The Health Hazards Of Disease Prevention
Dr David Freed
All medicinal drugs and interventions are capable of causing harm as well as good, and form a significant percentage of the total load of toxins and allergens that we carry. The food we eat, the water we drink, the very air we breathe, are all increasingly polluted as part of the price of progress. Addressing the resultant problems is the mission of the British Society for Ecological Medicine (BSEM), and in this we frequently find ourselves in opposition to conventional medical thinking which all too often seeks to deny the existence of those problems. Some of our members, most notably Dr Sarah Myhill, have indeed been pursued by the General Medical Council (GMC) because of the self-righteous indignation of fellow doctors.
When I offered to organise a Scientific Conference for the BSEM on the above theme I had in mind that we would talk about all long-term medical interventions including antibiotics, proton-pump inhibitors, statins, antihypertensives, asthma controllers and vaccinations, not to mention dietary and lifestyle advice (if the experts could only agree on any). In the event the day was largely devoted to the dangers of vaccinations and I was pleased, as this is a topic in urgent need of informed public airing.
But there’s the problem. No-one, not even the most distinguished of doctors, can make informed decisions about his patients unless he has reliable information. Doctors are expected to gather reliable information from robust, unbiased, scientific research truthfully reported, and for that we rely on our peer-reviewed scientific publications, our Royal Colleges and our official committees. But suppose those sources of information have themselves been subverted by commercial or other interests?
In my 43 years of medical practice I have never given much credence to conspiracy theories, but my curiosity was piqued when I read about the tribulations of Dr Andrew Wakefield at the hands of the GMC and his further public humiliation by the British Medical Journal. I had never met the man or concerned myself much with his work, but this was unique in my experience - transparently a character-assassination, imposed from on high by someone with overwhelming coercive power. Coupled with the shabby treatment of our member Dr Myhill I found it hard to resist the conclusion that at least some of our trusted medical authorities are indeed corruptible – a lesson confirmed by several of the contributors to this publication and not confined to vaccines.
When I was a medical student in the 1960’s we were taught how to give smallpox vaccinations, and we were also taught in passing that 2-5 children out of 100,000 thus vaccinated would die from disseminated vaccinosis and a further unquantified percentage would suffer longterm consequences. That was considered an acceptable trade-off for freedom from smallpox. Of course we never mentioned this fact to the mothers because who cared what they thought in those far-off days? Some ten years later the WHO announced “the day of victory” over smallpox – now allegedly eradicated from the planet – and smallpox vaccine was immediately withdrawn, mission accomplished.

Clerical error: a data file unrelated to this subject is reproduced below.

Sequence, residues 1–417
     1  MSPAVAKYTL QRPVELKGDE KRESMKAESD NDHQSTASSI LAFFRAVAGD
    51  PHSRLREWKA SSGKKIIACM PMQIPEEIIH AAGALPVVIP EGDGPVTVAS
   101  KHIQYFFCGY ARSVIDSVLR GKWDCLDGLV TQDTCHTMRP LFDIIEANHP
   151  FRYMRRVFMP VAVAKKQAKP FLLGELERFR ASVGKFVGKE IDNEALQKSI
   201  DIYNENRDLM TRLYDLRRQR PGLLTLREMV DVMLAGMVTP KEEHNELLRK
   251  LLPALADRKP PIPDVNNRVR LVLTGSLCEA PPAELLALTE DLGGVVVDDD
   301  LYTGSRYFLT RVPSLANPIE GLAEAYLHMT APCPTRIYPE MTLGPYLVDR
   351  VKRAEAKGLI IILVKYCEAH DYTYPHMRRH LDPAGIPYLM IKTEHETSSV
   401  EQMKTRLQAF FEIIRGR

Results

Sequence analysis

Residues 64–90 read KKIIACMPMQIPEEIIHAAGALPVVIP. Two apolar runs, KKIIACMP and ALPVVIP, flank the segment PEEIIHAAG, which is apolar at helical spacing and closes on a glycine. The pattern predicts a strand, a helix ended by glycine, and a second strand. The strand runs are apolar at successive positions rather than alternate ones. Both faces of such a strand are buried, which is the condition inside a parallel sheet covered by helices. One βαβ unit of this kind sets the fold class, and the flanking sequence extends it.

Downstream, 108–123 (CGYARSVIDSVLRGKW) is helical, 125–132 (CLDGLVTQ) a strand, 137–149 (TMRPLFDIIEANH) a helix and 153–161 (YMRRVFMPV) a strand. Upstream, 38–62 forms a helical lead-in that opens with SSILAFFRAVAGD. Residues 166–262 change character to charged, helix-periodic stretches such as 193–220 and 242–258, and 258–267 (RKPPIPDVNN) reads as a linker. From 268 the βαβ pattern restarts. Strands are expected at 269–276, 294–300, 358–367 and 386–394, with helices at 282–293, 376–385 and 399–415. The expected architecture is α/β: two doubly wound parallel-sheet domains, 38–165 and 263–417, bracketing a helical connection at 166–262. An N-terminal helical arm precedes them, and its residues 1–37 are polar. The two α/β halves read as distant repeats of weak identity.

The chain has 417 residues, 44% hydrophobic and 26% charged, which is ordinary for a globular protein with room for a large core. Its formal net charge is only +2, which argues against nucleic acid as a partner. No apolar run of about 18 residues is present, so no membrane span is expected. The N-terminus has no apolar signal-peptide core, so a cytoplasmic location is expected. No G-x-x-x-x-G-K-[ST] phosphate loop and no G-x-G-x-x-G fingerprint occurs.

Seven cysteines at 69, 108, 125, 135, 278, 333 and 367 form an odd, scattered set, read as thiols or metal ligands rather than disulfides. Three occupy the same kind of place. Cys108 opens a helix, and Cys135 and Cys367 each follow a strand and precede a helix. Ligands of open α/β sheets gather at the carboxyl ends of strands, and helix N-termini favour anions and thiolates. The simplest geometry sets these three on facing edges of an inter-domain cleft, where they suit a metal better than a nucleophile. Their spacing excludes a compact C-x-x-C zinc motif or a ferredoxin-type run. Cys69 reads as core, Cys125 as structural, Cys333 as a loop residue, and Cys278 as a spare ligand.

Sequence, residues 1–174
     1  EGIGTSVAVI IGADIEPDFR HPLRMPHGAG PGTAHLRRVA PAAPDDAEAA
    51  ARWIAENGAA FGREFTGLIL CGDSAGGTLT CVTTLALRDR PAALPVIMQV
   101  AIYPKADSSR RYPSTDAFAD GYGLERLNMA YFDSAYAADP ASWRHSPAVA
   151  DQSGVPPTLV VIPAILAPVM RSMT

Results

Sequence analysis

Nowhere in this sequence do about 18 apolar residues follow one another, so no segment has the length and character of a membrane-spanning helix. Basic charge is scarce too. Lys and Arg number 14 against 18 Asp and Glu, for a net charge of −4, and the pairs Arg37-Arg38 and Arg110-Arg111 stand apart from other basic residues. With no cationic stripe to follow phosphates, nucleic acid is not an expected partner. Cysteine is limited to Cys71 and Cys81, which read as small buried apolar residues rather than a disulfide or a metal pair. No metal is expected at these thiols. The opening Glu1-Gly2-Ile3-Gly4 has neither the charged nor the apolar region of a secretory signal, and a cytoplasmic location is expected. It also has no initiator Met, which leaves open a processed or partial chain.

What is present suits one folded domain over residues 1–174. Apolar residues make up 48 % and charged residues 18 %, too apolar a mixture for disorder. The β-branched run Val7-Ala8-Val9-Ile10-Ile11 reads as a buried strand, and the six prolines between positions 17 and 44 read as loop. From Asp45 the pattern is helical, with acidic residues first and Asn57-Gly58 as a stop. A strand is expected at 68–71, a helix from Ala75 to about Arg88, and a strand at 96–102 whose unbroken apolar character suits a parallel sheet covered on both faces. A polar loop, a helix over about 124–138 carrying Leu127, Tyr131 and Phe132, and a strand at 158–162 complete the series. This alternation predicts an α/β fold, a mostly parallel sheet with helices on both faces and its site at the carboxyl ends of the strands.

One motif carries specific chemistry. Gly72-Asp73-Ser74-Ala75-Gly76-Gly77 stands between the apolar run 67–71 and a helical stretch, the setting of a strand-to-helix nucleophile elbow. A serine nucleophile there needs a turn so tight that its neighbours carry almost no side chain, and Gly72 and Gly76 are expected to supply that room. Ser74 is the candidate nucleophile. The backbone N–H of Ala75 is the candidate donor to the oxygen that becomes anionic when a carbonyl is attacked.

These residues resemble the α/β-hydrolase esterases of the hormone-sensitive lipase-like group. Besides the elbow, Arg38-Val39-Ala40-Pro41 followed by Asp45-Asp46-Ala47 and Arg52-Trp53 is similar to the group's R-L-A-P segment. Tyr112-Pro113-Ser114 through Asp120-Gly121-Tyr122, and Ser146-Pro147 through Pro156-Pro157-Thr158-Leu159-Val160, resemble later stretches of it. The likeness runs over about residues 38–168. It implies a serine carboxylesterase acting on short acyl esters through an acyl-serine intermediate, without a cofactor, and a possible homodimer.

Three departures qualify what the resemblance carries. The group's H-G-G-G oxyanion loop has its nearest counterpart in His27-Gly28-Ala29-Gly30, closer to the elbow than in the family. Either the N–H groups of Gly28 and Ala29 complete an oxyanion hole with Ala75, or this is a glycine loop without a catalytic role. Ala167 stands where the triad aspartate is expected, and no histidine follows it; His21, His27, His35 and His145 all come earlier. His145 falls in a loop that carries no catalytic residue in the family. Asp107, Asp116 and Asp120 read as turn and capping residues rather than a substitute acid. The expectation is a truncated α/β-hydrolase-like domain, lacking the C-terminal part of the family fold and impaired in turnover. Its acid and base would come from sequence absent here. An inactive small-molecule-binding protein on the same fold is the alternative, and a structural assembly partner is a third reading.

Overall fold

It seems to me that the ethical background to vaccination – giving potentially harmful medications to healthy individuals in the hope of keeping them that way – has never been clearly addressed. In the implicit contract between doctor and patient, the latter initiates the relationship because he wants to be cured of an existing illness, and is assumed to understand and accept the element of risk involved. Elaborate “informed consent” procedures are now required before a doctor can treat so much as an ingrowing toenail, lest we be accused of assault.
But no such consent rituals accompany vaccination. Who gave us the right (a) to invade the bodies of healthy people who never asked us to, and (b) to do it not only without explanation of the possible risks, but in some countries even applying coercive pressures, denying the existence of the risks, and suppressing relevant information?
Of course fully “informed consent” is rarely achieved even in normal medical contexts – it is easy to overload patients with information which might, even if entirely truthful, hinder rather than help them in making a rational risk assessment. And vaccination is also different, say the pundits, because we need maximum uptake to achieve “herd immunity” – a concept well worked-out in veterinary science. If I render (say) 85% of my cattle immune, that will suffice to prevent outbreaks of that disease as there won’t be enough susceptible individuals left to pass on the infection. If that phenomenon is true for humans too, then it is clearly my patriotic duty, is it not, to get myself and my children vaccinated against everything. Even leaving aside any possible commercial pressure from the pharmaceutical industry, these considerations are enough, apparently, to abrogate the doctor’s normal duty of care to the patient in front of him and justify keeping the masses (and their doctors) ignorant.
But is that true? At the very least it needs open discussion. Besides, as Tomljenovic points out in her contribution, it is by no means clear that “herd immunity” even works in humans.
Although the BSEM is not responsible for the views expressed in this collection of essays, which remain the authors’ sole responsibility, we are committed to truthful debate and it is our hope that this publication may go some way towards encouraging it.
David L.J. Freed MB, MD, MSB